US COVID cases: Ambulance workers told to stop transporting patients likely to die amid spike

Imagine having cardiac arrest and getting picked up by an ambulance that won’t take you to a hospital.

Or having a medical emergency and languishing outside an emergency room for hours.

This is what Los Angeles County faces as the onslaught of COVID-19 devastates the community – including those without coronavirus.

“Hospitals are declaring internal disasters and having to open church gyms to serve as hospital units,” County Supervisor Hilda Solis said.

“Our health care workers are physically and mentally exhausted and sick.”

Solis called the situation a “human disaster.”

Nurse Jeanette Pimentel checks on 68-year-old-coronavirus patient Pedro Luera. Credit: Irfan Khan/Los Angeles Times via Getty Imag

More than 7600 people are hospitalised with COVID-19 in just Los Angeles County.

And 21 per cent of them are in intensive care units, officials said Monday.

Every 15 minutes, one person dies from COVID-19, Los Angeles County Director of Public Health Barbara Ferrer said.

Now, ambulance crews in LA County have been told not to take patients with little chance of survival to hospitals.

“This order that was issued by the county emergency medical services really is very specific to patients who suffered from a cardiac arrest and are unable to be revived in the field,” said Dr. Jeffrey Smith, chief operating officer of Cedars-Sinai Medical Center.

“Those patients have a very low rate of survival each if they are transported to the hospital.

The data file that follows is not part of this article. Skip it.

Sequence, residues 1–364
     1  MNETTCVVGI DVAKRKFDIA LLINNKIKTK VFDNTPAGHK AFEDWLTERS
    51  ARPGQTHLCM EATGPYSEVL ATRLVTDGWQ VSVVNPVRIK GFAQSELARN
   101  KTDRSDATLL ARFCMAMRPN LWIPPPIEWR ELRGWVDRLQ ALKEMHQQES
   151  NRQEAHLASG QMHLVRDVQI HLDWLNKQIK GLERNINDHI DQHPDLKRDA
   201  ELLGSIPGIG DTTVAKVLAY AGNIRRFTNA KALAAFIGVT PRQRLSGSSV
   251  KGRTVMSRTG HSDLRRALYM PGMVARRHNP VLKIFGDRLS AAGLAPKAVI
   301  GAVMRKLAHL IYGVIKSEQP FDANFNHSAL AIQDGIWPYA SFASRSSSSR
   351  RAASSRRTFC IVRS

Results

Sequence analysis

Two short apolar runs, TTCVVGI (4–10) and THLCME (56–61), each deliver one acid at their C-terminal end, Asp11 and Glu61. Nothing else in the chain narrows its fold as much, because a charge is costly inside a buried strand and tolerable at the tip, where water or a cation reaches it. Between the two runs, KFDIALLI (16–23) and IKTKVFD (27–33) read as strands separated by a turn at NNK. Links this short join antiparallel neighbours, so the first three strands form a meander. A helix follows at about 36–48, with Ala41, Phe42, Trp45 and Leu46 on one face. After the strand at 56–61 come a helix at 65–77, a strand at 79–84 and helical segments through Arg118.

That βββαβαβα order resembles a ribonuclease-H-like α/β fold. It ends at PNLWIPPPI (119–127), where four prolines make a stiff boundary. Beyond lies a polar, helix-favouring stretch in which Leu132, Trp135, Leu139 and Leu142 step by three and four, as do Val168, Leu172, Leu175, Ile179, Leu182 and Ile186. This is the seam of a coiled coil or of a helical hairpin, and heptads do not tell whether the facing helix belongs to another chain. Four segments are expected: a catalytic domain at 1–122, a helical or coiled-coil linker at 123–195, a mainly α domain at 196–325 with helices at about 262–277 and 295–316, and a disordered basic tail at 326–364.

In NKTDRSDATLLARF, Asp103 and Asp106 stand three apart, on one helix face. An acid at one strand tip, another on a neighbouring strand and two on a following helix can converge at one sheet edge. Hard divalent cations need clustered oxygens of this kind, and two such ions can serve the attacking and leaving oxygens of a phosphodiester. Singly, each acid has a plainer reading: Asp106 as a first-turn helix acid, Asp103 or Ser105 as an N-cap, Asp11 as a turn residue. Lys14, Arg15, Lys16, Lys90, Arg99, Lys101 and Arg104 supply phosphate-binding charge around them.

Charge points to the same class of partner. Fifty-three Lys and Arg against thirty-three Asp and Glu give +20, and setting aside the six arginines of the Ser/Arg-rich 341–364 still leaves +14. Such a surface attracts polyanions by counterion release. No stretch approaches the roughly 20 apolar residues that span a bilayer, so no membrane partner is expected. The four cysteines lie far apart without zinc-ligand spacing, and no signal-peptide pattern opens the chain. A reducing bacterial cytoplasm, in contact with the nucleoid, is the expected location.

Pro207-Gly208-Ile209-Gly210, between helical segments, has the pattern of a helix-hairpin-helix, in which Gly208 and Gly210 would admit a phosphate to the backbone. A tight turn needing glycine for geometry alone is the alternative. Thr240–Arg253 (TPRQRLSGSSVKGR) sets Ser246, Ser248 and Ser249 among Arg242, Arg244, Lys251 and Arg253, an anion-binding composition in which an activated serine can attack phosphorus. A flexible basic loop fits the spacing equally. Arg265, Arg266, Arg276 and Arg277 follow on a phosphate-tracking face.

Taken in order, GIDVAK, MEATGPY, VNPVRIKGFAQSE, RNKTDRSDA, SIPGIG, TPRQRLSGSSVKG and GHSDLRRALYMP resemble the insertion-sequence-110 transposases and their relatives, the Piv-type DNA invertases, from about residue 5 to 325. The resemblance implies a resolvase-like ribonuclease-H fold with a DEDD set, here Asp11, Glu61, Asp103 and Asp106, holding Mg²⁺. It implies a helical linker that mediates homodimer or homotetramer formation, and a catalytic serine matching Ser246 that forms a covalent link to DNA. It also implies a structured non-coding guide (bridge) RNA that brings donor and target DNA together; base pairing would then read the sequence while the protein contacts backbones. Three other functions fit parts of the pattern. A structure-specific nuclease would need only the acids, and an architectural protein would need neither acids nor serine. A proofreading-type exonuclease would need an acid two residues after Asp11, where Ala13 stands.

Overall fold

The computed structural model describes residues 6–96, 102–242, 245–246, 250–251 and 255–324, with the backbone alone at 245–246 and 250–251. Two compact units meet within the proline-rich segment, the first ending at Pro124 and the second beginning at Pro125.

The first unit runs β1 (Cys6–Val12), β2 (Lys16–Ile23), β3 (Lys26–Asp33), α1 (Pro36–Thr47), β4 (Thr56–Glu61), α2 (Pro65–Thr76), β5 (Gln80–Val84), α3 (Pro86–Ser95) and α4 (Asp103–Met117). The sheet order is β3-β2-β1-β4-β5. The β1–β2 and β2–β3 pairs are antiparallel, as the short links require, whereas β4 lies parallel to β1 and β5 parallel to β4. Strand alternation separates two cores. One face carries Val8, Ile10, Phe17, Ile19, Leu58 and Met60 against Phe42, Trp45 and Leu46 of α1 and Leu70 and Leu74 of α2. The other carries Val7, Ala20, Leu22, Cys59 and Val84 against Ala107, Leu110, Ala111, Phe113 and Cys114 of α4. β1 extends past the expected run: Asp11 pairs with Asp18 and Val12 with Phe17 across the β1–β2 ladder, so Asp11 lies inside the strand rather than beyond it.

“So at this time, it is deemed to likely be futile.”

Sailors assigned to the hospital ship USNS Mercy (T-AH 19) treat the first patient from Los Angeles medical facilities March 29.
Sailors assigned to the hospital ship USNS Mercy (T-AH 19) treat the first patient from Los Angeles medical facilities March 29. Credit: Handout/Getty Images

Who gets taken to a hospital, and who doesn’t

The Los Angeles County Emergency Medical Services (EMS) Agency issued a memo last week to ambulance workers.

“Effective immediately, due to the severe impact of the COVID-19 pandemic on EMS and 9-1-1 Receiving Hospitals, adult patients (18 years of age or older) in blunt traumatic and nontraumatic out-of-hospital cardiac arrest (OHCA) shall not be transported [if] return of spontaneous circulation (ROSC) is not achieved in the field,” the agency said.

If the patient has no signs of breathing or a pulse, EMS will try to resuscitate the patient for at least 20 minutes, the memo said.

If the patient is stabilised during that time, they would then be taken to a hospital.

But if the patient is declared dead at the scene or no pulse can be restored, paramedics will not take the patient to the hospital.

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